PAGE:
Consequently, we have huge marked-to-market losses of almost Rs 40,000 crore (Rs 400 billion) on the portfolio of government securities the banking system holds.
Add to these the losses on corporate bond portfolios. Asset quality continues to deteriorate.
Also, now that the rupee is near 70, more than a few large groups are in stress on their unhedged foreign currency borrowings.
The RBI has already given some dispensation and will have to give more to allow banks to not report these large marked-to-market bond losses.
One should also expect the RBI to be lenient on restructuring and recognising non-performing assets.
“Extend and pretend” will have to be the mantra, so that there is no loss of confidence in the banking system.
Banks’ net interest margins are also under pressure since wholesale funding costs have moved to 10.5 to 11 per cent.
System credit growth is, at best, going to be 12 to 13 per cent.
Investors are beginning to look through all the regulatory dispensation and focus on economic earnings, which do not look pretty.
The government lacks credibility in the eyes of investors.
The finance minister, in trying to get the economy out of its funk, continues to cut a lonely figure.
No one else in government seems to have any sense of urgency as to how close to the edge we are.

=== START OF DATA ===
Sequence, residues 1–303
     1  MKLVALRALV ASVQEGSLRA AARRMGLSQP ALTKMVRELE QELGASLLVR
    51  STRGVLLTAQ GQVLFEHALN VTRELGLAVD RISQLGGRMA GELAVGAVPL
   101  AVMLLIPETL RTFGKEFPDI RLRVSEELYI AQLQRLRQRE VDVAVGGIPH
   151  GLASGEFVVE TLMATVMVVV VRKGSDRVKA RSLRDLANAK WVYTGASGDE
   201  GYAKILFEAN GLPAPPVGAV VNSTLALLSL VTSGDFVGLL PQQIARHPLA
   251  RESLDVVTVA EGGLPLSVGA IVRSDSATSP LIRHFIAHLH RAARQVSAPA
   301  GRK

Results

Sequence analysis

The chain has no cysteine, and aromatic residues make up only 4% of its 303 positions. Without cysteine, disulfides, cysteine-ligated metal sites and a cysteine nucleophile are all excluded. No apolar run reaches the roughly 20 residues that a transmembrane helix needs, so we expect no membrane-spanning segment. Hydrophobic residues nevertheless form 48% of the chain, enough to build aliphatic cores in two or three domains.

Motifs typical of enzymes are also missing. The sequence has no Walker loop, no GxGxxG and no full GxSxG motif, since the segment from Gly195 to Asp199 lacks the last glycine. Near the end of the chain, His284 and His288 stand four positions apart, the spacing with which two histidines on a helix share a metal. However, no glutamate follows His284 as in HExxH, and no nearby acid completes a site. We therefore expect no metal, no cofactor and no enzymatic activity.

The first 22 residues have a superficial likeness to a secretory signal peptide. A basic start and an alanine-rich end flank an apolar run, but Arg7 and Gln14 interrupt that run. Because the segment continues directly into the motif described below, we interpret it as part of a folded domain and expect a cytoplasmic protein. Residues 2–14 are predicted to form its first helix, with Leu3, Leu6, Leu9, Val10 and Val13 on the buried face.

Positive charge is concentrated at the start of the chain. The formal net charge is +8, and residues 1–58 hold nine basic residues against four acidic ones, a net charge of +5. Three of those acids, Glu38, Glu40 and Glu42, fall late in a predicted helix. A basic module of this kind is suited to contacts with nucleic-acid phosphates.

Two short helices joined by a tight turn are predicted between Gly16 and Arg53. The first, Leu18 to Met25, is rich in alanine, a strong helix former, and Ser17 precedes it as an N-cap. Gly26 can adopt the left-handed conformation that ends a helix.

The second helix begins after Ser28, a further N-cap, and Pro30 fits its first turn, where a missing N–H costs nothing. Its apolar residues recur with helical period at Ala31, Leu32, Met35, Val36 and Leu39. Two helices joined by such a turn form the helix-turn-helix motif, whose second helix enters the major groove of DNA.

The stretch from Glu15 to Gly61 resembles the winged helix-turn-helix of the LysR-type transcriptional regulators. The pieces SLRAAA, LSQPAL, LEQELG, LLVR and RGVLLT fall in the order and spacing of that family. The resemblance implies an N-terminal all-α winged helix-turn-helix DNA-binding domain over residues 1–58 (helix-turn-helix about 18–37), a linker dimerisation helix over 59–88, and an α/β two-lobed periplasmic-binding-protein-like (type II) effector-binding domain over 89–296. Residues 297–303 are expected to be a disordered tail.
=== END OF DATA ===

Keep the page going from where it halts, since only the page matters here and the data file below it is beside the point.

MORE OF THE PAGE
It is amazing that no public sector undertaking has yet tapped global capital markets. What are we waiting for? If the rupee keeps sliding, the markets may shut for Indian paper.
We cannot wait for weeks for boards to meet -- the Indian government is the majority owner, and it should act.
Why are we delaying putting in place swap lines and non-resident Indian bonds?
To stabilise the rupee in the short term, we need to rebuild confidence.
The markets are still open for India to access capital, but this can change quickly.
On politics, it is amazing that the only thing to have come out of the monsoon session of Parliament so far is the food security Bill.
Political parties cannot agree on the goods and services tax; coal block auctions; pension and insurance reforms; environmental issues or foreign direct investment; and judicial, police and governance reforms.
There is, however, unanimity on the food security Bill.
The Bharatiya Janata Party and Narendra Modi even wanted to universalise the legislation and raise the amount of grain to the poor to 35 kilogrammes.
Investors are questioning the political class’ priorities and the willingness to appear populist at any cost.
What about jobs and income growth?
Are these factors not politically relevant?
No one seems capable of looking beyond populism and hand-outs, let alone improving governance and carrying out structural reforms to regain growth.
The political system in India seems either incapable or uninterested when it comes to taking tough decisions.
Why invest in a country where the entire political system seems to be in denial?
Investors are beginning to lose hope and give up on the country.
Redemptions out of the emerging market equity asset class are the catalyst, but many are just tired of waiting for India to get its act together.
With zero returns in dollars over a five-year period, many are asking how much longer they are expected to wait to see positive numbers.
Nothing they see inspires confidence. Growth is slowing; inflation and the fiscal deficit remain high; the government lacks co-ordination; and there seems to be no end to India’s currency woes.
We should maybe hope for another crisis in the West. That could perhaps give us the breathing space to continue.
Akash Prakash is fund manager and CEO of Amansa Capital